PLYMOUTH — Detroit Catholic Central removed the most valuable commodity from its hockey opponents during the MHSAA Tournament.
If the Shamrocks got a lead, the game was pretty much over, whether the teams they faced wanted to admit it or not.
You can’t beat a team without scoring a goal. Catholic Central became the first team in the 49-year history of the MHSAA tournament to not surrender a goal, capping a perfect defensive postseason with a 3-0 victory over Brighton in the Division 1 championship game before 4,090 fans Saturday night at USA Hockey Arena.
Catholic Central outscored five teams by a combined score of 30-0 during the playoffs. The previous record for the fewest goals allowed in the postseason was two, achieved by the 2009 Catholic Central team over six games.
“It starts with the forwards, and then the defense and then the goalies,” Catholic Central senior forward Landon West said. “We know we can’t win games by trying to outscore teams. You’ve got to keep pucks in front of your net. We do everything we can to do that.”
Backstopping the latest shutout was senior Luca Naurato, who stopped all 20 shots he faced. Naurato finished with a 0.87 goals against average, a .941 save percentage and seven shutouts.
“It’s just another game at the end of the day, right?” Naurato said. “I felt pretty confident going in after warm-ups, and it just happened to work out that way.”
Naurato alternated in net all season with fellow senior Kyle Moore, who had a 0.73 GAA, .948 save percentage and nine shutouts.
The Shamrocks, who won their fourth-consecutive Division 1 crown, have gone with a timeshare in net during the last three seasons. Nicholas Galda and Bob Masters rotated in net each of the past two seasons.
“It’s a team effort,” Naurato said. “We played a defensive game, and it translated into the offensive zone.”
Opponents know they must be almost perfect against the Shamrocks (29-1), who allowed only 22 goals in 30 games.
“They don’t give you anything easy,” said Brighton coach Kurt Kivisto, whose team lost 2-1 and 3-0 to Catholic Central this season. “They don’t make mistakes. They’re really, really structured. They play an honest, hard-working game. They’re really deep, and that makes it difficult.”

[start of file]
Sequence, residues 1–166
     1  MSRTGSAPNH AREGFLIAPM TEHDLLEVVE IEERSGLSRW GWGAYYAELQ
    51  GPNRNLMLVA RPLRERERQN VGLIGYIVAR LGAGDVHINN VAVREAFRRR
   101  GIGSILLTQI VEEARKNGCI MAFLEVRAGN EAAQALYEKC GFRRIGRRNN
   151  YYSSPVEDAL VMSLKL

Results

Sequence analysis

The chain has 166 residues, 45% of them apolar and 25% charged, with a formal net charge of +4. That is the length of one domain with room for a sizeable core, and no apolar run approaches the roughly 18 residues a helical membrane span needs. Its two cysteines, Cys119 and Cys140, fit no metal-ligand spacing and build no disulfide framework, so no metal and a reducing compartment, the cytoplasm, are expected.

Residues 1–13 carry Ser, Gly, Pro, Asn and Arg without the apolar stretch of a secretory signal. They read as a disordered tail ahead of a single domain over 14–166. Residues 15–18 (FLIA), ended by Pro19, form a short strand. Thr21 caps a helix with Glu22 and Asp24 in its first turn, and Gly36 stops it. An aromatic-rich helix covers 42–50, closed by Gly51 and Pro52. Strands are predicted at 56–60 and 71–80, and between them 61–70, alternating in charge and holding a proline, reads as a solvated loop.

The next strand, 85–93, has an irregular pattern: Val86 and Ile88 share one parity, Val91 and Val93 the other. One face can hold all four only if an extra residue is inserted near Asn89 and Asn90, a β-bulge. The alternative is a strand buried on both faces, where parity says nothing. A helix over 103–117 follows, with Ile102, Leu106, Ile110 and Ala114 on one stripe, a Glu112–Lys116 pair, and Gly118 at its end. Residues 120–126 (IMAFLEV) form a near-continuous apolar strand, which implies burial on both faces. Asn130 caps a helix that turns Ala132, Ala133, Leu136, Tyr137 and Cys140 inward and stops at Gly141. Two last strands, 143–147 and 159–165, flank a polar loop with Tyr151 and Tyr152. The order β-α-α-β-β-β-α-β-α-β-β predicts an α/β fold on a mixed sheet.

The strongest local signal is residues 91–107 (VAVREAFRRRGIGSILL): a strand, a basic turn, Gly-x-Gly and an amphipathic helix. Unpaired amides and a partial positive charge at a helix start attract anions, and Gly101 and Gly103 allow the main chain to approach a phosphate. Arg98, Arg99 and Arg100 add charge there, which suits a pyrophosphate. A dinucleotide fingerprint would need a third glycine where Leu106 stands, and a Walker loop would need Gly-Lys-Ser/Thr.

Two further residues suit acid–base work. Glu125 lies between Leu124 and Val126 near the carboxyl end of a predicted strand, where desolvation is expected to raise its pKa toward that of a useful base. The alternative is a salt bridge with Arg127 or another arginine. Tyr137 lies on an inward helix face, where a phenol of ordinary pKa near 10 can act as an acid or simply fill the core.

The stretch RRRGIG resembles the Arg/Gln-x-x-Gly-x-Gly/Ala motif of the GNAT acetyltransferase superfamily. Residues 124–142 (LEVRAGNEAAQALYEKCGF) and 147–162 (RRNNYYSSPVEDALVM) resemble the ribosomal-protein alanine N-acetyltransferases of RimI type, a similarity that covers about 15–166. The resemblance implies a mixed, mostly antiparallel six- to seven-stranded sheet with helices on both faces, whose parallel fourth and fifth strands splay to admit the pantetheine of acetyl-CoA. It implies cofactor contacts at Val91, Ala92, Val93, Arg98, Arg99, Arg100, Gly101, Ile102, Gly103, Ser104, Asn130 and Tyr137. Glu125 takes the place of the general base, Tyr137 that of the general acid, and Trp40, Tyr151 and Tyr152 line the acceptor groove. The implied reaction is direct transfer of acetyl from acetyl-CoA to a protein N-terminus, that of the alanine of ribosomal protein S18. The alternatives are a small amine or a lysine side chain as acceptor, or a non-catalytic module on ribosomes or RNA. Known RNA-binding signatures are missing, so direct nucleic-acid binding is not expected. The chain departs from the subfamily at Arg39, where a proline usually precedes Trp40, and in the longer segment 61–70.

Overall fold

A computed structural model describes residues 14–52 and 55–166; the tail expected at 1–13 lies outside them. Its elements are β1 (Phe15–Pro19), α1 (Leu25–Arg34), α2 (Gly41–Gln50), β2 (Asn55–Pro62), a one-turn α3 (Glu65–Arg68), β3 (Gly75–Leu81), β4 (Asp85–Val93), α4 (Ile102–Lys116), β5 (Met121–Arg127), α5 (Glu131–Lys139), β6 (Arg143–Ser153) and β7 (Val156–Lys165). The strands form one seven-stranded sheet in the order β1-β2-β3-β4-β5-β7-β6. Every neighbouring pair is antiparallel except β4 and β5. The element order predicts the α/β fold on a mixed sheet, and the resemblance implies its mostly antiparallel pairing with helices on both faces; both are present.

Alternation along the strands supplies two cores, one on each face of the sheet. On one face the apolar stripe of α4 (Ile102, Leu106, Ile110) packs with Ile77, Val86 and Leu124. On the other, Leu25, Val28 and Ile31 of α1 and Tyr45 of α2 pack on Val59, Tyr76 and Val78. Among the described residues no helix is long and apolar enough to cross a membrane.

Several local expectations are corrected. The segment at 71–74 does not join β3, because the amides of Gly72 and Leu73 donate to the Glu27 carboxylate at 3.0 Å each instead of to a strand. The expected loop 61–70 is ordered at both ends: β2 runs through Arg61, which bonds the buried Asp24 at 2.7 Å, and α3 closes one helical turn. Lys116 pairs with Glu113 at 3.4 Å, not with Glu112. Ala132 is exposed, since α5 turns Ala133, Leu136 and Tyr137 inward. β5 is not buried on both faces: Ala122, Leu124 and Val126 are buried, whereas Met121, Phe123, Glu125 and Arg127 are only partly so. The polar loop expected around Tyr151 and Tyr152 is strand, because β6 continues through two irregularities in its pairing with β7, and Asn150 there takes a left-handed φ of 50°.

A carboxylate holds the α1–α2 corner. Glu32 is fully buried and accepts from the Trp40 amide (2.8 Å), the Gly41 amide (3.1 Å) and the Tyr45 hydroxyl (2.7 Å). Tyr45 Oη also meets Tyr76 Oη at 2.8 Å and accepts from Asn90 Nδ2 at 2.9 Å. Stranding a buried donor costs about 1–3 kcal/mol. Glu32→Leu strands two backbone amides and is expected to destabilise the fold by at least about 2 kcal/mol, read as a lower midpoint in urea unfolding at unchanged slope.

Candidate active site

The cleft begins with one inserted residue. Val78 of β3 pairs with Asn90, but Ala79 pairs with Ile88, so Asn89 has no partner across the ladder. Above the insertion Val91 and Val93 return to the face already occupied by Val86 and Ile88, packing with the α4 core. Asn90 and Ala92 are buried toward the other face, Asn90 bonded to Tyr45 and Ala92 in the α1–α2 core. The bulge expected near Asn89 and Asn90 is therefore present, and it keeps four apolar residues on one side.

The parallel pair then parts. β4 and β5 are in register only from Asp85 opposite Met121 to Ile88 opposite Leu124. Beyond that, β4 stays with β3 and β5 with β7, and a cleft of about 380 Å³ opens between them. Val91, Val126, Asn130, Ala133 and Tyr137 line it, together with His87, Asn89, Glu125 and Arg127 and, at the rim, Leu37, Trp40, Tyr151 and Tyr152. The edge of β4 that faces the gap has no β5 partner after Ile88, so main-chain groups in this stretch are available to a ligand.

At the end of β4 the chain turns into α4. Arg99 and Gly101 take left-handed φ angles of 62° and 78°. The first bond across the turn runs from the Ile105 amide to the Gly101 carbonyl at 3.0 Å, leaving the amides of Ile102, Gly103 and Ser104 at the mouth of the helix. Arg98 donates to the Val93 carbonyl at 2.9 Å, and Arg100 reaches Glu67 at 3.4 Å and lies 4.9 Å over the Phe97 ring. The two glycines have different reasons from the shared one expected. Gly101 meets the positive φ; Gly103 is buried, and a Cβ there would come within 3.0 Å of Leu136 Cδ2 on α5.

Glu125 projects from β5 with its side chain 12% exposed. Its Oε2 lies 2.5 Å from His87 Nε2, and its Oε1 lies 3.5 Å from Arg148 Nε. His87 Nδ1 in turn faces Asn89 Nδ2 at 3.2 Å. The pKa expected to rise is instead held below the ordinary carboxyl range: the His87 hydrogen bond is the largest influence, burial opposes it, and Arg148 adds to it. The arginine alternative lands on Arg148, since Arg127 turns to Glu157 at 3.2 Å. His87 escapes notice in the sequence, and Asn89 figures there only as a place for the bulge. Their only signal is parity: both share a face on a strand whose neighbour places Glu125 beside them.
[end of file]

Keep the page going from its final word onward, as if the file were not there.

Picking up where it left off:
The Bulldogs were a team known for coming back from multiple-goal deficits this season, but that’s nearly an impossible task against Catholic Central.
Although the shots were close, with the Shamrocks holding a 24-20 edge, Catholic Central was never seriously threatened after taking a 2-0 lead in the first period on goals by Jackson Walsh and Nolan Galda.
“They’re a tough team,” Kivisto said. “They don’t give you much and we were chasing the game a little bit. I really like the way we played in the second. We had a lot of opportunities there in the third; we weren’t able to capitalize. Naurato was really good in net.
“We know to beat them, you probably have to win special teams, and we weren’t able to do that tonight.”
Walsh scored the final goal of the 2022-23 season into an empty net with 1:54 left in the game.
“It wasn’t pretty,” Shamrocks coach Brandon Kaleniecki said. “I thought we turned over a lot of pucks. We didn’t want to give them chances and space, because you can’t afford to do that against a team like that.
“They’re really good. They’re going to create their own and we kind of fed into that and we took some penalties, so at that point we were on our heels, kind of the middle of the second, a lot of penalty killing and stuff like that. In a situation like that we just needed to grind it out and find a way. And that’s what the guys did.”
Catholic Central beat Brighton in the last two Division 1 championship games. The teams have dominated the division, meeting in six of the last 10 Finals. Before the Shamrocks’ current run of four straight titles, the Bulldogs won two in a row in 2017 and 2018.
Brighton goalie Levi Pennala made 21 saves in his second start in the championship game. The junior all-stater will be looking to bring the title back to Brighton next year.
“We’ve got a lot of guys on this team that are young,” Pennala said. “We’re gonna come back stronger next year. It sucks, but we’re lucky to have one more year.”